Robert Fisk untangles the countries and factions
China's influence on fashion: At the top of the game both creatively and commercially

China's influence on fashion

At the top of the game both creatively and commercially
Lord O’Donnell: Former cabinet secretary on the election and life away from the levers of power

The man known as GOD has a reputation for getting the job done

Lord O'Donnell's three principles of rule
Rainbow shades: It's all bright on the night

Rainbow shades

It's all bright on the night
'It was first time I had ever tasted chocolate. I kept a piece, and when Amsterdam was liberated, I gave it to the first Allied soldier I saw'

Bread from heaven

Dutch survivors thank RAF for World War II drop that saved millions
Britain will be 'run for the wealthy and powerful' if Tories retain power - Labour

How 'the Axe' helped Labour

UK will be 'run for the wealthy and powerful' if Tories retain power
Rare and exclusive video shows the horrific price paid by activists for challenging the rule of jihadist extremists in Syria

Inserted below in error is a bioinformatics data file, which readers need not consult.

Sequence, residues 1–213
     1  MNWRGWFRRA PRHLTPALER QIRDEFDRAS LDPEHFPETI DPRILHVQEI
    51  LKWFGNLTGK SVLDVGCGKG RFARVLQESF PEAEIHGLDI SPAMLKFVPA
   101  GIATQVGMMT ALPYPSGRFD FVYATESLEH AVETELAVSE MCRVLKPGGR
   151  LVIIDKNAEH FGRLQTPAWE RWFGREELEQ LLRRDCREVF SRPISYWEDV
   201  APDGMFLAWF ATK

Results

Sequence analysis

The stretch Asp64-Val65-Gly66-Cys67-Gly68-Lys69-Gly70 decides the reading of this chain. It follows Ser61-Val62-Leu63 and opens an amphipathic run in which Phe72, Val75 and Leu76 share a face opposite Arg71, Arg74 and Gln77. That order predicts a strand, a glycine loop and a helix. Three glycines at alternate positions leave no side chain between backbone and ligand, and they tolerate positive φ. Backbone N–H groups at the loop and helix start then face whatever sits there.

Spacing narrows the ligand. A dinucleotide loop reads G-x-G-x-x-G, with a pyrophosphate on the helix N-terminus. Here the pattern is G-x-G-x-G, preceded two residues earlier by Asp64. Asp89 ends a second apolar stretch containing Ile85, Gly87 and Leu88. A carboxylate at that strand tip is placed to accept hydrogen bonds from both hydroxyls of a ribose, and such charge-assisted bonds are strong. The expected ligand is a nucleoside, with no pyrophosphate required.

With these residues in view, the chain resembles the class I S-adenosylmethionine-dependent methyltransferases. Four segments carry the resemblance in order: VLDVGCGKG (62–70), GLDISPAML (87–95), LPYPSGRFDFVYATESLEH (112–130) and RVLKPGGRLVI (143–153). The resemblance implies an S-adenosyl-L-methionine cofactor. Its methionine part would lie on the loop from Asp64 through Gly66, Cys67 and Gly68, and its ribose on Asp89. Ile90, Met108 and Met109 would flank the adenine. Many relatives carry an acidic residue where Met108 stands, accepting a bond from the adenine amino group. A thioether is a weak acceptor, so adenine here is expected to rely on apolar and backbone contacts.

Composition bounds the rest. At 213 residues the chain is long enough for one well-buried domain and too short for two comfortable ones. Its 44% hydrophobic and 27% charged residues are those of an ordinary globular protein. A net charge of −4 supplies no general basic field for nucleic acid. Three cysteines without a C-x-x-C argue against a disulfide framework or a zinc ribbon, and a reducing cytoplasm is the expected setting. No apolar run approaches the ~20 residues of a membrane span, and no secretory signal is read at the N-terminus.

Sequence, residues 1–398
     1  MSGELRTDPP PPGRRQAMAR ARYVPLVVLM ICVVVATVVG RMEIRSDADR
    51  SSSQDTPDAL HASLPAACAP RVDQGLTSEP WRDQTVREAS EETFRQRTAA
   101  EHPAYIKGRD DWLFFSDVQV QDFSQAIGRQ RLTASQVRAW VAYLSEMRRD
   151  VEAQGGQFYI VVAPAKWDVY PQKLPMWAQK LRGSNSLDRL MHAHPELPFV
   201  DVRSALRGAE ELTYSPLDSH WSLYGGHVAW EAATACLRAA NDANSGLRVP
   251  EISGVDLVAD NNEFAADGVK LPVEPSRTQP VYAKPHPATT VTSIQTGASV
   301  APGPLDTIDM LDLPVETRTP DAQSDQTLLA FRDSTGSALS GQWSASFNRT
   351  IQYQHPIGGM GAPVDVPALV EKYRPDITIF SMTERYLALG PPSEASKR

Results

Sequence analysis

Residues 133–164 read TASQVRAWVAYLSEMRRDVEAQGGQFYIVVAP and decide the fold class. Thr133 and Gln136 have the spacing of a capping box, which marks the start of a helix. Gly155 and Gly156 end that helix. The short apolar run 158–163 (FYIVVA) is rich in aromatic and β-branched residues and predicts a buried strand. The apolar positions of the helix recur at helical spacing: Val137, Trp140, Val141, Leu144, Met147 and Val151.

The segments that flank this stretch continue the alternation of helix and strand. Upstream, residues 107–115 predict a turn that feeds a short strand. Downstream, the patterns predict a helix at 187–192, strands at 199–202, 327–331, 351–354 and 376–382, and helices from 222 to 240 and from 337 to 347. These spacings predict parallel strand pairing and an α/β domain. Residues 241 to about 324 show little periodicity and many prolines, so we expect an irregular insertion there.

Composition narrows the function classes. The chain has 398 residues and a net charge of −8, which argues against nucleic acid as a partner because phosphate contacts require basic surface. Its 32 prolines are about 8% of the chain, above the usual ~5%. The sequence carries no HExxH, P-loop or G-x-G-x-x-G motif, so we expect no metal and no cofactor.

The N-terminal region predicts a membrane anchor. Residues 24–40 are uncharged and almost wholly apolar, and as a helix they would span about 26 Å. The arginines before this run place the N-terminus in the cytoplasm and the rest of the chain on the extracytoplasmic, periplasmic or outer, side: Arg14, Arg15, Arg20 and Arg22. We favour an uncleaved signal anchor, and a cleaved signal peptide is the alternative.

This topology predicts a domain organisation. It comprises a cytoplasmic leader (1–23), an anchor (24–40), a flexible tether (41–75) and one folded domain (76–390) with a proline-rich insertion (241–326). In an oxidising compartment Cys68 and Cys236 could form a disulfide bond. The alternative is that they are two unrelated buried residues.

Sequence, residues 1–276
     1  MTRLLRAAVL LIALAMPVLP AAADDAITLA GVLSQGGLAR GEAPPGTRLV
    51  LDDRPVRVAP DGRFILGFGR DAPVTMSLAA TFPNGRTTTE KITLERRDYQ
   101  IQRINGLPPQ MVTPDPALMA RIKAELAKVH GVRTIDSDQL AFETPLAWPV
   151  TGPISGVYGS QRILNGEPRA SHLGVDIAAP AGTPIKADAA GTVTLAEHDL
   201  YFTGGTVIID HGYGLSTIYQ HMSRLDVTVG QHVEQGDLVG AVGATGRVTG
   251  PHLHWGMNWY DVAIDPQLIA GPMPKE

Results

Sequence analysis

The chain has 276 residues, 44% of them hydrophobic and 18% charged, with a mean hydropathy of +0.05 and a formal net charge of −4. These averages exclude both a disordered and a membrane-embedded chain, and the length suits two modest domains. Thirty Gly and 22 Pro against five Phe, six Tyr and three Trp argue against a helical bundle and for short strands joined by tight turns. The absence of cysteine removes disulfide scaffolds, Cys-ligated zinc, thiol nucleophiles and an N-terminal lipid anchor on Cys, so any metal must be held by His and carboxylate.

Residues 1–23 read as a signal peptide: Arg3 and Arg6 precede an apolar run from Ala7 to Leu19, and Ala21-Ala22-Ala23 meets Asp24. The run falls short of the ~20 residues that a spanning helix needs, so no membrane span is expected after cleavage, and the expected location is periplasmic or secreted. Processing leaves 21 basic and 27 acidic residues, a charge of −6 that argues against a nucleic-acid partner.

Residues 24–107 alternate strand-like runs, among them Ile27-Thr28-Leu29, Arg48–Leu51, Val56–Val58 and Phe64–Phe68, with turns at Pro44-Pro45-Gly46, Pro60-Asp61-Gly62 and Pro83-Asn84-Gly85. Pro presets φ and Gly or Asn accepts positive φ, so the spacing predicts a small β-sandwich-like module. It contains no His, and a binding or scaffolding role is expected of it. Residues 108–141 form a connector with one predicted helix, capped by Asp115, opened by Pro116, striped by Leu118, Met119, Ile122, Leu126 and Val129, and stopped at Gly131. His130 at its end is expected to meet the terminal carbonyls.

The price to be paid for challenging the rule of extremists

A revolution now 'consuming its own children'
Welcome to the world of Megagames

Welcome to the world of Megagames

300 players take part in Watch the Skies! board game in London
'Nymphomaniac' actress reveals what it was really like to star in one of the most explicit films ever

Charlotte Gainsbourg on 'Nymphomaniac'

Starring in one of the most explicit films ever
Robert Fisk in Abu Dhabi: The Emirates' out-of-sight migrant workers helping to build the dream projects of its rulers

Robert Fisk in Abu Dhabi

The Emirates' out-of-sight migrant workers helping to build the dream projects of its rulers
Vince Cable interview: Charging fees for employment tribunals was 'a very bad move'

Vince Cable exclusive interview

Charging fees for employment tribunals was 'a very bad move'
Iwan Rheon interview: Game of Thrones star returns to his Welsh roots to record debut album

Iwan Rheon is returning to his Welsh roots

Rheon is best known for his role as the Bastard of Bolton. It's gruelling playing a sadistic torturer, he tells Craig McLean, but it hasn't stopped him recording an album of Welsh psychedelia
Morne Hardenberg interview: Cameraman for BBC's upcoming show Shark on filming the ocean's most dangerous predator

It's time for my close-up

Meet the man who films great whites for a living
Increasing numbers of homeless people in America keep their mobile phones on the streets

Homeless people keep mobile phones

A homeless person with a smartphone is a common sight in the US. And that's creating a network where the 'hobo' community can share information - and fight stigma - like never before